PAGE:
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Mutations and common variants in the human arginase 1 (ARG1) gene: Impact on patients, diagnostics, and protein structure considerations


Diez-Fernandez, Carmen; Rüfenacht, Véronique; Gemperle, Corinne; Fingerhut, Ralph; Häberle, Johannes (2018). Mutations and common variants in the human arginase 1 (ARG1) gene: Impact on patients, diagnostics, and protein structure considerations. Human Mutation, 39(8):1029-1050.

Abstract

The urea cycle disorder argininemia is caused by a defective arginase 1 (ARG1) enzyme resulting from mutations in the ARG1 gene. Patients generally develop hyperargininemia, spastic paraparesis, progressive neurological and intellectual impairment, and persistent growth retardation. Interestingly, in contrast to other urea cycle disorders, hyperammonemia is rare. We report here 66 mutations (12 of which are novel), including 30 missense mutations, seven nonsense, 10 splicing, 15 deletions, two duplications, one small insertion, and one translation initiation codon mutation. For the most common mutations (p.Thr134Ile, p.Gly235Arg and p.Arg21*), which cluster geographically in Brazil, China, or Turkey, a structural rationalization of their effect has been included. In order to gain more knowledge on the disease, we have collected clinical and biochemical information of 112 patients, including the patients' genetic background and ethnic origin. We have listed as well the missense variants with unknown relevance. For all missense variants (of both known and unknown relevance), the conservation, severity prediction, and ExAc scores have been included. Lastly, we review ARG1 regulation, animal models, diagnostic strategies, newborn screening, prenatal testing, and treatment options.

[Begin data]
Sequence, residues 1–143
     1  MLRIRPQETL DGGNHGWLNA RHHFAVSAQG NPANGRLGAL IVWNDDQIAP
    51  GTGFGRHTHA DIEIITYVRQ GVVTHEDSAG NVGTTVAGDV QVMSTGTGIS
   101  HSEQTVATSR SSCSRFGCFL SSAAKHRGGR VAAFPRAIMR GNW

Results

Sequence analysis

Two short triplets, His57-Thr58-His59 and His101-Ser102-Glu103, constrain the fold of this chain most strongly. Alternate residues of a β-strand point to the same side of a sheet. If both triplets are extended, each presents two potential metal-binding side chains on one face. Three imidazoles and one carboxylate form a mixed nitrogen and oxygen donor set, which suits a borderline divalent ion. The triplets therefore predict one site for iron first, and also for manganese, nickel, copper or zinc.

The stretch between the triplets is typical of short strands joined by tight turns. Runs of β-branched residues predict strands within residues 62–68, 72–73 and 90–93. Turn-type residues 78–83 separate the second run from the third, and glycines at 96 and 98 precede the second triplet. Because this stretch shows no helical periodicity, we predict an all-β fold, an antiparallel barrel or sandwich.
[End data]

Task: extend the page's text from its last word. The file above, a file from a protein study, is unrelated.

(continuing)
Abstract

The urea cycle disorder argininemia is caused by a defective arginase 1 (ARG1) enzyme resulting from mutations in the ARG1 gene. Patients generally develop hyperargininemia, spastic paraparesis, progressive neurological and intellectual impairment, and persistent growth retardation. Interestingly, in contrast to other urea cycle disorders, hyperammonemia is rare. We report here 66 mutations (12 of which are novel), including 30 missense mutations, seven nonsense, 10 splicing, 15 deletions, two duplications, one small insertion, and one translation initiation codon mutation. For the most common mutations (p.Thr134Ile, p.Gly235Arg and p.Arg21*), which cluster geographically in Brazil, China, or Turkey, a structural rationalization of their effect has been included. In order to gain more knowledge on the disease, we have collected clinical and biochemical information of 112 patients, including the patients' genetic background and ethnic origin. We have listed as well the missense variants with unknown relevance. For all missense variants (of both known and unknown relevance), the conservation, severity prediction, and ExAc scores have been included. Lastly, we review ARG1 regulation, animal models, diagnostic strategies, newborn screening, prenatal testing, and treatment options.

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Item Type:Journal Article, refereed, original work
Communities & Collections:04 Faculty of Medicine > University Children's Hospital Zurich > Medical Clinic
Dewey Decimal Classification:610 Medicine & health
Language:English
Date:August 2018
Deposited On:11 Jan 2019 10:51
Last Modified:11 Jan 2019 12:14
Publisher:Wiley-Blackwell Publishing, Inc.
ISSN:1059-7794
OA Status:Closed
Publisher DOI:https://doi.org/10.1002/humu.23545
PubMed ID:29726057

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